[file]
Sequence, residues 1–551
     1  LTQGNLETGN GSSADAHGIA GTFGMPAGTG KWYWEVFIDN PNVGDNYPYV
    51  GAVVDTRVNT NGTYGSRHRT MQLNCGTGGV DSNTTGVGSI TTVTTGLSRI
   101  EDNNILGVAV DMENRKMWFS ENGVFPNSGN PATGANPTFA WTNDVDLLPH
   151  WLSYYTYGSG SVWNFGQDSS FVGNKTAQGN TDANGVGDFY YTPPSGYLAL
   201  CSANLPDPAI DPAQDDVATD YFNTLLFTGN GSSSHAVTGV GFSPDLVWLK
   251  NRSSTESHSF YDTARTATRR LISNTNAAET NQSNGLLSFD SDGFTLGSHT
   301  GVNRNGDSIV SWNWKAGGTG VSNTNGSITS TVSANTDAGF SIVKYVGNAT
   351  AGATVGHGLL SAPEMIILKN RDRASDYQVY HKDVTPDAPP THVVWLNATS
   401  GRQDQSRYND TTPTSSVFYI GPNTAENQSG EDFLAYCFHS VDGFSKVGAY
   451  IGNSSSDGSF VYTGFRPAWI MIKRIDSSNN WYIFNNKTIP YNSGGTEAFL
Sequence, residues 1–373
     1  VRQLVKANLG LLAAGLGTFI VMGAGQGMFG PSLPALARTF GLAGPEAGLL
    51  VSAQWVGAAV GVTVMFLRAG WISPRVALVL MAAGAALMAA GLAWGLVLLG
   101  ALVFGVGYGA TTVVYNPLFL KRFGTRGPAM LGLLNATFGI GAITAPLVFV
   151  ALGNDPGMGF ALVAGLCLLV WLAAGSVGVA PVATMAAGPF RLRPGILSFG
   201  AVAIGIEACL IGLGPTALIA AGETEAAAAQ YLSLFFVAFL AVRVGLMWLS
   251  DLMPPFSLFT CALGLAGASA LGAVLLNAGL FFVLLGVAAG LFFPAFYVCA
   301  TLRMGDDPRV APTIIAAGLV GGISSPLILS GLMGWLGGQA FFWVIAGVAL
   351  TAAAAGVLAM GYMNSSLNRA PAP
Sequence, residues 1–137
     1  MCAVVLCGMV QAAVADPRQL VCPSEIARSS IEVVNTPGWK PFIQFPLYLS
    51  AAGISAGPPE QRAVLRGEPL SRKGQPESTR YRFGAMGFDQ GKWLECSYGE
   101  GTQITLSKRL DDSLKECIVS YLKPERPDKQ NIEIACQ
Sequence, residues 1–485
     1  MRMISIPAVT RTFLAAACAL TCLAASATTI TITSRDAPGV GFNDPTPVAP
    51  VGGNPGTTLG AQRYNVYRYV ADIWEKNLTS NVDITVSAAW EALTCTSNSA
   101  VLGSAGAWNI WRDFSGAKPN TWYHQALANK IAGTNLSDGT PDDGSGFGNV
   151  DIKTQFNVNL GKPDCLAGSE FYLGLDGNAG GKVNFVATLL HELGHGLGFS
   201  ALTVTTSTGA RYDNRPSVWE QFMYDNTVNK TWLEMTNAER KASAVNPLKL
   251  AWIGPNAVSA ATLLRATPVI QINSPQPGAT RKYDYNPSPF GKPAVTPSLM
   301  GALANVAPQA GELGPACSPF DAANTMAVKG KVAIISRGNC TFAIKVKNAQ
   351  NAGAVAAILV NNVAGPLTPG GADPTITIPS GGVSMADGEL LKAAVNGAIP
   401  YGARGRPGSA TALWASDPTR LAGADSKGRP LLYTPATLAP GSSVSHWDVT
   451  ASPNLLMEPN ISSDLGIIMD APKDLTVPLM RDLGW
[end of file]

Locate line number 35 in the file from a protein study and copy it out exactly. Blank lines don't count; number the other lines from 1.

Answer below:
   451  ASPNLLMEPN ISSDLGIIMD APKDLTVPLM RDLGW